Chicago Cubs players aren’t allowed to do anything fun off the field ever
Yahoo! Sports’ Jeff Passan has penned an insightful and interesting piece about how MLB teams are becoming much more persnickety with the standard language put into player contracts in an effort to more closely align the league with how the NFL goes about its business regarding a team’s ability to void a player’s deal due to risky off-the-field behavior.
Or, to put it more accurately — if language obtained by Passan that is part of the standard contract language for the Chicago Cubs is any indication — perhaps “risky off-the-field behavior” is not the correct choice of phrase. “Any off-the-field behavior that barely may be considered risky” would be a much more appropriate turn of phrase.
Below is standard language that the Cubs reportedly include in every contract regarding what a player is not allowed to do:
“(A)uto racing, motorcycling, piloting, co-piloting, learning to operate, or serving as a crew member of, an aircraft, being a passenger in a single engine airplane or private plane, hot air ballooning, parachuting, skydiving, hang gliding, bungee jumping, horseback riding, horse racing, harness racing, fencing, boxing, wrestling, karate, judo, jujitsu, any other form of martial arts activity, use of an All Terrain Vehicle (‘ATV’), skiing (water or snow), snowmobiling, bobsledding, luging, ice hockey, ice boating, field hockey, squash, spelunking, basketball, football, softball, white water canoeing or rafting, kayaking, jai-alai, lacrosse, soccer, tennis, rodeo, bicycle racing, motor boat racing, polo, rugby, rodeo, handball, volleyball, in-line or other roller skating, surfing, hunting, paddleball, racquetball, archery, wood chopping, mountain climbing, boating, any weightlifting not prescribed by or approved in advance by Club (said approval not to be unreasonably withheld), participation in the ‘Superteams’ or ‘Superstars’ activities (or any like activity) or other made-for-television or made-for-motion picture athletic competitions, or any other sport, activity, or negligent act involving a reasonably foreseeable substantial risk of personal injury or death.”\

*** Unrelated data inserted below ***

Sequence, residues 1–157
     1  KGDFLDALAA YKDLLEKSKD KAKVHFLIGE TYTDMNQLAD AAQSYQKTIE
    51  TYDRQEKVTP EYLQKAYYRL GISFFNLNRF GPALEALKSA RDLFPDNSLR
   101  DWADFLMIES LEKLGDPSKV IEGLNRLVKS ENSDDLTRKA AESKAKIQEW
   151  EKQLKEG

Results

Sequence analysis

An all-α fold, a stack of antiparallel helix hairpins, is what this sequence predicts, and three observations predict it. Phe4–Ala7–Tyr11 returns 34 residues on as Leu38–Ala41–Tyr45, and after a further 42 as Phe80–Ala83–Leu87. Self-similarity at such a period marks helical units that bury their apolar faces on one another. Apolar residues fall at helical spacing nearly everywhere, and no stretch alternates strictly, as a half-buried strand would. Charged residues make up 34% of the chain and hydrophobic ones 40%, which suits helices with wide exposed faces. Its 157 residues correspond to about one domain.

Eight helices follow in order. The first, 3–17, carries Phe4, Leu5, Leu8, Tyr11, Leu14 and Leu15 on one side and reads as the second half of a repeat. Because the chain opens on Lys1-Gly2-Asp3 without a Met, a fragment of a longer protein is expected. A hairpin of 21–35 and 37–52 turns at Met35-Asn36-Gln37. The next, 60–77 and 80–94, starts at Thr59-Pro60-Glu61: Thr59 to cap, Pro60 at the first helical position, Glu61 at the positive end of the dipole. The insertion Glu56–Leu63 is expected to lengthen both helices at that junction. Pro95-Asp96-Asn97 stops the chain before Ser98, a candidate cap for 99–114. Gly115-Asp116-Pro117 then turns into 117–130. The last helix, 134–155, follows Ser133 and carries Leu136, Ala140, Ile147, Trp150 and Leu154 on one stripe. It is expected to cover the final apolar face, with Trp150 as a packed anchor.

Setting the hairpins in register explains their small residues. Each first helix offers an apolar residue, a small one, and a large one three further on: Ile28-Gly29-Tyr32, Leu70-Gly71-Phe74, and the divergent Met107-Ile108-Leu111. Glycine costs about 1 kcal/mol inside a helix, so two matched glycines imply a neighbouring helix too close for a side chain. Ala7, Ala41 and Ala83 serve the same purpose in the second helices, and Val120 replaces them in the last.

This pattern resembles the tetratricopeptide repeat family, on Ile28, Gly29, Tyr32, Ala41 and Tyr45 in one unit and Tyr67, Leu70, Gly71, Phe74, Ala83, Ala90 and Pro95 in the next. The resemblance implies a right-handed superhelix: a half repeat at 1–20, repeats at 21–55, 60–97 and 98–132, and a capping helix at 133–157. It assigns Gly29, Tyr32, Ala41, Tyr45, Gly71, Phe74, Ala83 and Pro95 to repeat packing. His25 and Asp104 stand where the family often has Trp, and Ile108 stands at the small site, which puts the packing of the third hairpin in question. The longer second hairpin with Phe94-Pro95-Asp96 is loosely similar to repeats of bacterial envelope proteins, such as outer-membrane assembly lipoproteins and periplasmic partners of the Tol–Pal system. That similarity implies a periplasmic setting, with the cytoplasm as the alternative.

What’s that? No spelunking? Criminy! Although it is worth noting that Cubs players presumably still are allowed to play the classic video game “Spelunker” on their Commodore 64, should they own that system. Or an Atari 800. Either way, they’re probably good to go.
While some of the behavior barred by what’s stipulated in the language makes a modicum of sense — luging, rodeo, horse racing, as well as skydiving and parachuting (are those even two different activities?) not to mention bungee jumping. The decision to explicitly ban certain potentially treacherous hobbies is one thing, but the degree of specificity seems a bit far-fetched. But major league baseball players, who presumably include some of the better athletes on the planet, are not allowed to play tennis or go roller skating?
And as far as boating is concerned, when was the last time a person got hurt operating one of these:
Okay, maybe a person could pull a hamstring at worst, but really?
And chopping wood? What if a player and his family spend a wintry vacation at a cabin without heat?
Further, just when we thought that jai-alai was going to make it big in America, the Cubs come along and throw a wrench into the works.
It is understandable that MLB teams want to protect their pricey investments in players paid exorbitant sums of money, but barring them from playing volleyball just seems a tad excessive.
[H/T Eye on Baseball]